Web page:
As a major net oil importer, US foreign policy has traditionally reflected the need to protect extended international oil supply chains. Over the last decade, even over the last five years, the country’s oil import/export profile has changed dramatically; net imports of crude oil and products have fallen from 5.6 million b/d in July 2014 to 1.6 million b/d in July 2019.
Now far less dependent on energy imports, the fear was that the US would withdraw from its reduced international interests, leaving power vacuums in its wake. This did occur to some extent, but the oil market is now more dominated by US policy decisions than ever as Washington prosecutes a trade war with China and takes a hard line on Iran.
Part of the reason for this dominance is that US gross imports of crude oil and products have barely changed in volume over the last five years, while rising LNG exports provide another point of US entry into world energy markets. The US has not become so much ‘energy independent’ as more involved in international energy trade, albeit on a more balanced basis.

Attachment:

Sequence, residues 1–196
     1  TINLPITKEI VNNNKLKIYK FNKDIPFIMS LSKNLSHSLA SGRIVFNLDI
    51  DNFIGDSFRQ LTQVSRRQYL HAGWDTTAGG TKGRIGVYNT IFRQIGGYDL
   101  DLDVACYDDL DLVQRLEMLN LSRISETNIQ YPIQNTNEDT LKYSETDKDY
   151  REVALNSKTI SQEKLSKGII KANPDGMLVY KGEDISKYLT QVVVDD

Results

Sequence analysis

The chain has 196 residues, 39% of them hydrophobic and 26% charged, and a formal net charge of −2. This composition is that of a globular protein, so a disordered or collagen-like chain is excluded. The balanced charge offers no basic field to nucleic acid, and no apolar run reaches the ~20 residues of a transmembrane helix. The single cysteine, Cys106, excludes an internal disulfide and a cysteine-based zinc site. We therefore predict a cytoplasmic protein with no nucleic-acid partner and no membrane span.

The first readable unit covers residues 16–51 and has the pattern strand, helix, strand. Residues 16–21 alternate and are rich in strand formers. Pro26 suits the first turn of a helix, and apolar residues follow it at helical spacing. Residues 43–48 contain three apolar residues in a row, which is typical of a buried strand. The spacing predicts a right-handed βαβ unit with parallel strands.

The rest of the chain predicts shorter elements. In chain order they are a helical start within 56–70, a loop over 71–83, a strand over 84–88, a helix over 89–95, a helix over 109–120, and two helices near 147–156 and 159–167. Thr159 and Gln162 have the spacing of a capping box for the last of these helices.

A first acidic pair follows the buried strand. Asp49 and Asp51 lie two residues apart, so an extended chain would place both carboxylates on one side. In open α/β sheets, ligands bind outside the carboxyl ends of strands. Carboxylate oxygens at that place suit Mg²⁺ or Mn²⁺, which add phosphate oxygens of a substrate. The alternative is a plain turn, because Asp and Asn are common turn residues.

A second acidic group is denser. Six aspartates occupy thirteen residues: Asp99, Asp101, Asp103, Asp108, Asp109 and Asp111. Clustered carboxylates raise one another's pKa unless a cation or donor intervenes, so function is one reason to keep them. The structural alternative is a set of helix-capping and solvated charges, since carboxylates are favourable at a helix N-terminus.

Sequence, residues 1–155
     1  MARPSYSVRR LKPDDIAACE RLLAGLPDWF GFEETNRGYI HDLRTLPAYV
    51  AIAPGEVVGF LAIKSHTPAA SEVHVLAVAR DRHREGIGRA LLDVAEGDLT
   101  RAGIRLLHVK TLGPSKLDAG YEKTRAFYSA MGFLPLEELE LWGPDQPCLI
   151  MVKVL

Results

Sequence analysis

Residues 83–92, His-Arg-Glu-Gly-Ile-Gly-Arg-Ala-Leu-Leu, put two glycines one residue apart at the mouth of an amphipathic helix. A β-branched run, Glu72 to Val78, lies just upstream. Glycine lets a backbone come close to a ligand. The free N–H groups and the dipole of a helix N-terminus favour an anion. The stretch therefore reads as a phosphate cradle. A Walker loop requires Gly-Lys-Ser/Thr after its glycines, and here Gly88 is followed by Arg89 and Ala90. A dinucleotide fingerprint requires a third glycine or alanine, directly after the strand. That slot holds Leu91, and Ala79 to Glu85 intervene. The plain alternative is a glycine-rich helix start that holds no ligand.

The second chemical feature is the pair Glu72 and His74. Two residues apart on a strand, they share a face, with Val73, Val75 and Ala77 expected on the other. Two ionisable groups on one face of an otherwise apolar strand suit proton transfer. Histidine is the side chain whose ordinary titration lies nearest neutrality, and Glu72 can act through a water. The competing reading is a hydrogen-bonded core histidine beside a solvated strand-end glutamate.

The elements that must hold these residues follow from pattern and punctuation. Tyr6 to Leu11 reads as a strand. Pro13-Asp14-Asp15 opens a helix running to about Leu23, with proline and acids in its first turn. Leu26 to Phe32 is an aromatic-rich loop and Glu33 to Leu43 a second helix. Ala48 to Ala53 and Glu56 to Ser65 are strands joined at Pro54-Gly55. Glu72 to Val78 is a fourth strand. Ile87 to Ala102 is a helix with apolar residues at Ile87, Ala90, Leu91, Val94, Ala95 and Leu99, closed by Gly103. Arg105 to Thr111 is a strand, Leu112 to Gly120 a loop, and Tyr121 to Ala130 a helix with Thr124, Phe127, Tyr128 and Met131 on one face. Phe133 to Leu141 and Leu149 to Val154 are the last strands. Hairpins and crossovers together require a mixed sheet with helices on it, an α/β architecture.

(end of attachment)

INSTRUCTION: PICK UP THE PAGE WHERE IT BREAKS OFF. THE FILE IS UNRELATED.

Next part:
The growing exposure of the domestic US economy to international trade, of which energy is one element, is a key concern currently expressed by the more dovish members of the Federal Reserve’s Open Market Committee. The flipside is that the oil market equally is now more exposed to the politics of US presidential elections.
The latest assessment…